At the state police barracks, Grimes searched the defendant's clothing. In a pocket of the defendant's jacket, he discovered a cigar holder containing marijuana. Grimes requested that the defendant submit to a breath test. He advised the defendant of his rights in this regard, as well as the significance of a refusal to submit to the test.3 The defendant then spoke with his attorney by telephone.
Grimes asked the defendant for his decision with respect to the breath test. The defendant stated that he wanted to talk to his attorney again. Grimes informed the defendant that his indecision constituted a refusal to submit to the test. Grimes summoned another state police trooper, Jonathan Neihengen, to the processing room. At that time, Neihengen witnessed the defendant's failure to cooperate with respect to the test, which constituted his refusal. Grimes again permitted the defendant an opportunity to use the telephone to inform his attorney that he had refused to submit to the test.
As the defendant turned to use the telephone, he inserted a candy or a breath mint into his mouth. Earlier, while Grimes was transporting the defendant to the state police barracks, one of the things he discussed with the defendant was that he could not have anything to eat or drink until after he had completed the test. When Grimes informed the defendant that his conduct, which included eating candy, amounted to a refusal to submit to a breath test, the defendant replied that he had sustained injuries to his wrists as a result of the handcuffs and that he wanted medical treatment at a hospital. Emergency medical personnel arrived on the scene, but they declined to transport him to the hospital to treat what they considered to be an “extremely minor” abrasion. When Grimes told the defendant that he would not be going to the hospital, he then com-plained for the first time that he wanted to go to the hospital because he was experiencing heart problems and trouble breathing. The defendant's outward appearance was normal, yet, on the basis of the defendant's new complaints, the emergency medical personnel at the scene made the decision to transport the defendant to Rockville General Hospital for examination.
Despite the fact that Grimes already had recorded the defendant's refusal to submit to a breath test, a state police sergeant, Craig Jones, afforded the defendant yet another opportunity to submit to a breath test. The defendant declined this request, but stated that he would provide a blood sample once he was at the hospital. Grimes accompanied the defendant to the hospital. Upon his arrival, the defendant informed hospital staff that he was experiencing chest pains and palpitations. Hospital staff detected an alcohol-like odor being emit-ted from the defendant. When hospital staff asked to perform an electrocardiogram and lab work, the defendant immediately replied that he needed to speak with his attorney, his pain had subsided, and he was feeling better since his arrival at the hospital. After speaking with his attorney, the defendant told hospital staff that he would submit to an electrocardiogram test and provide a urine sample, but he stated that he would not submit to a blood test because he was afraid of needles.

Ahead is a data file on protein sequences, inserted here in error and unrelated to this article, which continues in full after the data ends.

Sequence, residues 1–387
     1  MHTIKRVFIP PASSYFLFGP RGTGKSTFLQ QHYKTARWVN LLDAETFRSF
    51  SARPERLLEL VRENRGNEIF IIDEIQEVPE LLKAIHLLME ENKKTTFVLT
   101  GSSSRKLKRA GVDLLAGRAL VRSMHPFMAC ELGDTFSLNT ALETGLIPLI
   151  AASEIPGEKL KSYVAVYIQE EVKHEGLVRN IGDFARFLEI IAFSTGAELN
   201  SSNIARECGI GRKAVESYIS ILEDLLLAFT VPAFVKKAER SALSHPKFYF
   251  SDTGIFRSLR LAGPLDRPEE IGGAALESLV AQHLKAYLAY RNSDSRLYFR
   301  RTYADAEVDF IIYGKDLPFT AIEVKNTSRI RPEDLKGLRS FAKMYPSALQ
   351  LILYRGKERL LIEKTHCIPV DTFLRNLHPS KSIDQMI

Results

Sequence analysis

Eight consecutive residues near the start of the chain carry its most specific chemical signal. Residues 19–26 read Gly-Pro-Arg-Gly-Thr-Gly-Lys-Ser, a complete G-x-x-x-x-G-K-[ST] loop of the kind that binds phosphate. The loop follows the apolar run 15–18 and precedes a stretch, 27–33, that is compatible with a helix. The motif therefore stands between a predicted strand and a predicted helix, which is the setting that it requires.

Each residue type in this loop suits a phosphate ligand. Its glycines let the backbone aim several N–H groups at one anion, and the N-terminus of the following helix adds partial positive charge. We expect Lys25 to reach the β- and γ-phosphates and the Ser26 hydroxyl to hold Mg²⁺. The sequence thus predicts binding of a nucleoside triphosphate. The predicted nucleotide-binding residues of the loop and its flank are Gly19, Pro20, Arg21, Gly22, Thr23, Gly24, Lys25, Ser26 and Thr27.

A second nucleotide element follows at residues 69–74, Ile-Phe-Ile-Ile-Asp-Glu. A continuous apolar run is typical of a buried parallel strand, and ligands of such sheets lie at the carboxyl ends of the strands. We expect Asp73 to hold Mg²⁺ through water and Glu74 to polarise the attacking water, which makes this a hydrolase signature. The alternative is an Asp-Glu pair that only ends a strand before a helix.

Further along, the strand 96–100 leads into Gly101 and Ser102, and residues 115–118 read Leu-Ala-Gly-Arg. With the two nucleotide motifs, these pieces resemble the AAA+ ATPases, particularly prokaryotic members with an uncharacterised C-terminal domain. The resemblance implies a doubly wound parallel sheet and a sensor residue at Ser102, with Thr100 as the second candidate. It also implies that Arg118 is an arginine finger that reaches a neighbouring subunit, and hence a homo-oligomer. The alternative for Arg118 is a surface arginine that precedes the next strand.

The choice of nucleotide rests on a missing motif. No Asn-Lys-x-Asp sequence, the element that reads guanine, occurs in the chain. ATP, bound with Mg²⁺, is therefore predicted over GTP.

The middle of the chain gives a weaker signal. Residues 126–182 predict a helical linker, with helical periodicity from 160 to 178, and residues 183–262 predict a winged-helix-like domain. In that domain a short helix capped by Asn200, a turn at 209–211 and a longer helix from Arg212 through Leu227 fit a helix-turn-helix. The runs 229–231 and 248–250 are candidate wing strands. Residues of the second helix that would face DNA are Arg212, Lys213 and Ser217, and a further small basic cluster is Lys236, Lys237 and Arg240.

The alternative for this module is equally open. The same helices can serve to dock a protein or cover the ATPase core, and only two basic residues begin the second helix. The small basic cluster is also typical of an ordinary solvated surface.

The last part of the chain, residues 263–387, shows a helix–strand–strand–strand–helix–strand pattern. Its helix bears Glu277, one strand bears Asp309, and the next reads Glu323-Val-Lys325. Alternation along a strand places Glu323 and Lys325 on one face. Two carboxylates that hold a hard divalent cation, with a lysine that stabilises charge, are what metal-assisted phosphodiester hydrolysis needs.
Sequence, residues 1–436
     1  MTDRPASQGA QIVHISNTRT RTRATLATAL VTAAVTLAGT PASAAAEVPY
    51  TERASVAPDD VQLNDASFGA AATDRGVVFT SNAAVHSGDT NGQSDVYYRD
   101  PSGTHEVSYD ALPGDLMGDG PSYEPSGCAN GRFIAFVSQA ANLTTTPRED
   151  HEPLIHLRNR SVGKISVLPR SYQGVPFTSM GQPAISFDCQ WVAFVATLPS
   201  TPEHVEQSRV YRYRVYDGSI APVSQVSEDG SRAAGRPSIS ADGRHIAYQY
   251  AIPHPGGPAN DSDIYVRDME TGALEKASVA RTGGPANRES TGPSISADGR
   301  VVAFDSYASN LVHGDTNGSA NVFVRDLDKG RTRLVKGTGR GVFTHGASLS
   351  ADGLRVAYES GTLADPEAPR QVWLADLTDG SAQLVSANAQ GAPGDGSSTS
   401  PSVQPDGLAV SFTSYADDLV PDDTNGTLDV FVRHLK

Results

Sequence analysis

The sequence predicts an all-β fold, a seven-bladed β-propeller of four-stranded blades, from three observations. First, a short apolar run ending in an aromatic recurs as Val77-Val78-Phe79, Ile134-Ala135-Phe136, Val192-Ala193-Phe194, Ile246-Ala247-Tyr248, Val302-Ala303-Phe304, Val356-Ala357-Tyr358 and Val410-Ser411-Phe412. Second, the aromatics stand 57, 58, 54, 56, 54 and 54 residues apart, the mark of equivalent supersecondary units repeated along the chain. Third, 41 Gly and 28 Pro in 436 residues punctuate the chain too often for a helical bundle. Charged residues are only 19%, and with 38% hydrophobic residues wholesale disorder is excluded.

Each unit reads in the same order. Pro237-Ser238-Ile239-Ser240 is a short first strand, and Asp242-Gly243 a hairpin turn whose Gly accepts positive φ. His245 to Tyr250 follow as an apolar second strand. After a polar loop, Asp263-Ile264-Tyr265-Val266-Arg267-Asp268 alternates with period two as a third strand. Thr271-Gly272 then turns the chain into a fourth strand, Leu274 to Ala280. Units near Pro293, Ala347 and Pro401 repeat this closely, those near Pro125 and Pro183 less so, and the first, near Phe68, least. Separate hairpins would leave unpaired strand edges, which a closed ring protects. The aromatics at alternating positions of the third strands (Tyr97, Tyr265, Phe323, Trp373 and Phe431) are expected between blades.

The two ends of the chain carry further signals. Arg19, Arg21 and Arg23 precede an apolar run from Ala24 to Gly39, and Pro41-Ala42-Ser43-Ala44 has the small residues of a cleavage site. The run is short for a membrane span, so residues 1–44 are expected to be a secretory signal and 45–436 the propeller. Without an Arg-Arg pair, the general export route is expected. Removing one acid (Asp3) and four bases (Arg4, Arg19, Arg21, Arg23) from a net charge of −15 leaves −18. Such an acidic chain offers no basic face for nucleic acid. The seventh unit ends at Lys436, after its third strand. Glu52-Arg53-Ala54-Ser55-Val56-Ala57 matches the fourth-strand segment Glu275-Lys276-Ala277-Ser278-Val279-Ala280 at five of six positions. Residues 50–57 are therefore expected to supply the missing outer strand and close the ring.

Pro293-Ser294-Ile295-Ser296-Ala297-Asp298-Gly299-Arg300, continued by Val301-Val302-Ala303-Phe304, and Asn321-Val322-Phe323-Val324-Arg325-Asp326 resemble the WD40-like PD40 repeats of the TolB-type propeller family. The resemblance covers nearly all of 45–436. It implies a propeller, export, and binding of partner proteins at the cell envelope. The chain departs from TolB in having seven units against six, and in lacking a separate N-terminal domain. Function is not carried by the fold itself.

Ultimately, at 5:08 a.m., more than three hours after Grimes first encountered the defendant, the defendant provided a blood sample to hospital staff. The defendant's urine sample tested positive for marijuana use, his blood sample reflected a blood alcohol content of 0.10 percent,4 and the result of his electrocardiogram test was normal. By 6 a.m., the defendant had been discharged from the hospital because he was not suffer-ing from any health issues, and he was returned to the state police barracks. The defendant then gave the police a written statement in which he admitted that when Grimes came upon him earlier that morning, he had pulled his automobile “over for safety” and was attempting to complete a telephone call. After the police completed processing the defendant, he was issued a summons to appear in court and was released from police custody.
The defendant called his girlfriend at that time, Lena Knowles, from the police barracks because he needed to be picked up. Later that day, he stated to her that he was arrested for driving under the influence of alcohol and that he had, in fact, consumed a couple glasses of wine. The defendant stated to her, however, that he had a plan to deal with his arrest because, if he was convicted, he would be separated from his son. Specifi-cally, he planned on claiming that he had not driven his automobile. He asked Knowles to relate the following facts to law enforcement: she had been driving the defendant's automobile on March 6, 2014, while she was out with friends. Meanwhile, the defendant was at home with Knowles' children. A friend of Knowles, Kelly Aston, was following Knowles home when the defendant's automobile began “acting funny ․” Knowles pulled over the disabled automobile, and Aston drove her home. Later that night, Knowles drove the defendant to the disabled automobile and left him with the automobile so that he could call for roadside assistance. After Knowles departed, the police encountered the defendant in the automobile.